Good enough

I was reading a post over the weekend by Seth Godin about product design. I’m a firm believer in building products that stand out and his Purple Cow theory is a great background text. The discussion today does refine this though, talking about how your product must fit and evolve such that early adopters (the geeks of you particular market) will rave about it – but the mass market, the followers, will still buy it. If they don’t, then those early adopters will quickly be early adopters of something else and your audience will dissolve.

3031864510_d8046efab6So for mobile, what happens here. The mass market is the most difficult part to crack (as with all markets) but for different reasons. Take the music market – the main problem is the huge number of established artists and the sheer volume of albums released. You need to have an existing audience or be featured on iTunes.. For books, well, the Opera Book Club says it all. For mobile, there are a smaller number of applications launched but man, are there a lot of problems with making it available. CDs and MP3s can be played on every music system there is, books just need to be sat 1 – 2 feet in front of your eyes.

If you want to make an application that runs on many, many devices it’s a tough nut to crack. You can make a very simple website but it’s going to be pretty plain. It’s likely just a feature of something larger – e.g. an eBay site to check your bids. You could write an app, but probably just for one family of mobile devices – if you’re lucky or bland, maybe more. Of course, there are companies with excellent porting tools, but with the plethora of screen sizes and capabilities is it really going to be remarkable?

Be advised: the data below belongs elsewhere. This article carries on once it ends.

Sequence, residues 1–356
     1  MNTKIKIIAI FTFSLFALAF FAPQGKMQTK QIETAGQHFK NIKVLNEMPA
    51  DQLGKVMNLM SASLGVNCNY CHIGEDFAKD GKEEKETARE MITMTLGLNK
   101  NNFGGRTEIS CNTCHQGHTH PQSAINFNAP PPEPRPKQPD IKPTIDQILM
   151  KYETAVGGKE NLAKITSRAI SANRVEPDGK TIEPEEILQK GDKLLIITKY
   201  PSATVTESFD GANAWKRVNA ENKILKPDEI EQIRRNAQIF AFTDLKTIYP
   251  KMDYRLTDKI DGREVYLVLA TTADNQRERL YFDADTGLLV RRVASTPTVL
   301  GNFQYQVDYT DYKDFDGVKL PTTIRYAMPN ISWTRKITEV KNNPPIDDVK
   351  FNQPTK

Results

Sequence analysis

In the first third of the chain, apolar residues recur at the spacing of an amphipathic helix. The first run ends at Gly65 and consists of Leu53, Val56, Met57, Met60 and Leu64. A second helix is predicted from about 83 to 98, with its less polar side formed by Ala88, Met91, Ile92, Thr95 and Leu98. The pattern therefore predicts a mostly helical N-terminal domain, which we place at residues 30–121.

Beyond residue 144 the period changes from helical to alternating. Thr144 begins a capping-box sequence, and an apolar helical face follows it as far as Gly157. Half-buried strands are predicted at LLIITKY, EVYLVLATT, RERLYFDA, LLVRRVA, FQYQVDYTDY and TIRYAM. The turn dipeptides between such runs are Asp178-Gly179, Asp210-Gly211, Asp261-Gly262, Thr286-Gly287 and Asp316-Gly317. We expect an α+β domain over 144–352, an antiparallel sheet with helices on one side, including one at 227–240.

Or do you focus all your efforts on one platform as we see many companies today doing with the iPhone? You can address that crossover segment of both the early adopters (er, fanboys?) and now the mainstream $99 3G market. But you’re just one in 50,000 apps – you’d better have an existing mainstream brand or you’ll have to be *really* remarkable..

I think we’ve reached a point where we have to treat mobile products as real products. They have to stand alone. This means that we need to understand the benefit of using the product for each segment that wantsneeds it. I suspect that when we start to narrow down our segments to the point that we understand why this product makes their lives faster / cheaper / better then the choice of device and technology will be obvious.

A product that is good enough to be used every day has to be remarkable enough to be discovered in the first place.


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